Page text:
Pacific Southwest Region 9 UTC

Examining Spatial Mismatch Through a New Geography of Opportunity Index

Project Number

MT-17-09

Project Summary

 

Funding Source(s) and
Amounts Provided (by each agency or organization)

Project Status

In progress

Year

2017

Topic Area

Urban Mobility

P.I. Name & Address

Director, Graduate Programs in Public Policy; Director of Research, Lusk Center for Real Estate, USC Price School of Public Policy
University of Southern California
650 Childs Way
Ralph and Goldy Lewis Hall (RGL) 214
Los Angeles, CA 90089-0626
United States
gpainter@usc.edu

Co-P.I.

Senior Associate Dean, Academic Affairs; Professor & Director of Graduate Programs in Urban Planning, Sol Price School of Public Policy
University of Southern California
650 Childs Way
Ralph and Goldy Lewis Hall (RGL) 301C
Los Angeles, CA 90089-0626
United States
boarnet@usc.edu

 

Funding Source(s) and
Amounts Provided (by each agency or organization)

PSR (DOT)

$99,983

Total Project Cost

$

Agency ID or Contract Number

No sub-award number yet

Start and End Dates

1/1/2018 – 12/31/2018

Brief Description of
Research Project

The objective of this project is to develop a new index of geographic opportunity that improves upon existing measures to analyze the spatial mismatch between job growth and populations in urban settings. Past measures of job accessibility have relied on measures of linear distance between populations and job, actual commute times for those working, or much simpler regional approaches.  These past measures suffer from combinations of measurement error and endogeneity due to the fact that linear distance is most relevant if someone has a car and commute times derived from a working population subsumes a set of job market and residential choices for this population.  Past measures are most problematic for the most disadvantaged populations that are unlikely to have a car. This research highlights the need to develop an exogenous measure of job access that does not require car ownership.  In the proposed study, we will develop a gravity model of job access that uses travel time in public transportation.  Generalized Transit Feed Specification data can be used to replace measures of actual commute times of workers and linear distance to produce better estimates for job accessibility for the most vulnerable populations.  We will then test this new measure of the Geography of Opportunity in models of spatial mismatch to determine how job accessibility impact employment outcomes.  This study has important implications for understanding patterns of unemployment, underemployment, and access to labor markets, especially for populations with employment barriers.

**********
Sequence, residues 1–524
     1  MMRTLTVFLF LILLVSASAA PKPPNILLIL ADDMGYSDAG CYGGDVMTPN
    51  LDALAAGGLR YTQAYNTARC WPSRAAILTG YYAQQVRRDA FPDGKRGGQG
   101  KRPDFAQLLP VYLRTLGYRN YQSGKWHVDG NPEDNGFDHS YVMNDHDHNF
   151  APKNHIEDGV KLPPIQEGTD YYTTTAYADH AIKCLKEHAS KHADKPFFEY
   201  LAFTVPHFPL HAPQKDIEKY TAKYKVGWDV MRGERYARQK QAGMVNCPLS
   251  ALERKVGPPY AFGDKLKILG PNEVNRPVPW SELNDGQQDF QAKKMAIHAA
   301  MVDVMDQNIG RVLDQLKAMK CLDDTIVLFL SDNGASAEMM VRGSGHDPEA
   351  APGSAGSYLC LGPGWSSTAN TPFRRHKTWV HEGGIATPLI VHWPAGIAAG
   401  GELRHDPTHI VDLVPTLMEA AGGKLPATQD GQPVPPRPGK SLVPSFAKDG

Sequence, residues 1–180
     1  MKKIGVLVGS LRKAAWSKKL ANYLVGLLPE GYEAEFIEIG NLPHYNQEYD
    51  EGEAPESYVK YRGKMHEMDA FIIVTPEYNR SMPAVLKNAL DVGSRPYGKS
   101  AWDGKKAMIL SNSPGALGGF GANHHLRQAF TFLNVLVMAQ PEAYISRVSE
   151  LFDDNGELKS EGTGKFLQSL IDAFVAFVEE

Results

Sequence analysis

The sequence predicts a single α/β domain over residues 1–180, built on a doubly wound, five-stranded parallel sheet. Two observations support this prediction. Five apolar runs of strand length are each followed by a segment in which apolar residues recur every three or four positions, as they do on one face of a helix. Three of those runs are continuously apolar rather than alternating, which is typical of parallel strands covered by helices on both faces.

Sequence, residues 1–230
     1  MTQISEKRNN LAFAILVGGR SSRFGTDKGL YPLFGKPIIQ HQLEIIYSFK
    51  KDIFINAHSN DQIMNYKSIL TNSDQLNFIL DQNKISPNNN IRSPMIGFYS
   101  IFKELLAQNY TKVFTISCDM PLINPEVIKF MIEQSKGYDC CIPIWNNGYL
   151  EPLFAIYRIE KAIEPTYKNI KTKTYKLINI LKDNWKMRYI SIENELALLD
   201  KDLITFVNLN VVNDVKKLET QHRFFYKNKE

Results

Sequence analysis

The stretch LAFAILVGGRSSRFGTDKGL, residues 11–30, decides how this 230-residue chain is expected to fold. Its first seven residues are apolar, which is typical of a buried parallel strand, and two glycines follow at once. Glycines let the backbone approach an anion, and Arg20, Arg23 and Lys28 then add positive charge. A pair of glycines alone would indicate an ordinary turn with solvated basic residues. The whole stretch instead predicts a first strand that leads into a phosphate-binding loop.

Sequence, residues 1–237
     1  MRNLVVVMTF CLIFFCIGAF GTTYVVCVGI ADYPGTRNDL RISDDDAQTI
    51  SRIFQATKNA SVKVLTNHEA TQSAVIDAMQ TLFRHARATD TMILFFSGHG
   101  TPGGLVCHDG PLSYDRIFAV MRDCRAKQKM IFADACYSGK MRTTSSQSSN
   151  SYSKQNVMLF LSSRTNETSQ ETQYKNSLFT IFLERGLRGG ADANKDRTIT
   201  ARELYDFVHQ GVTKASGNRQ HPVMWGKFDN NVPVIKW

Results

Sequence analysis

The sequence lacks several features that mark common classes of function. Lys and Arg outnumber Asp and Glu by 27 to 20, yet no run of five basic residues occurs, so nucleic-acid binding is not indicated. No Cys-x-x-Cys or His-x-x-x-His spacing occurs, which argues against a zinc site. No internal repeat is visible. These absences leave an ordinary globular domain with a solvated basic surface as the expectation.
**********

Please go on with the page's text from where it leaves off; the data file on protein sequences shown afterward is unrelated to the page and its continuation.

Describe Implementation of Research Outcomes (or why not implemented)

 

Impacts/Benefits of Implementation (actual, not anticipated)

 

Web Links, Reports, Project website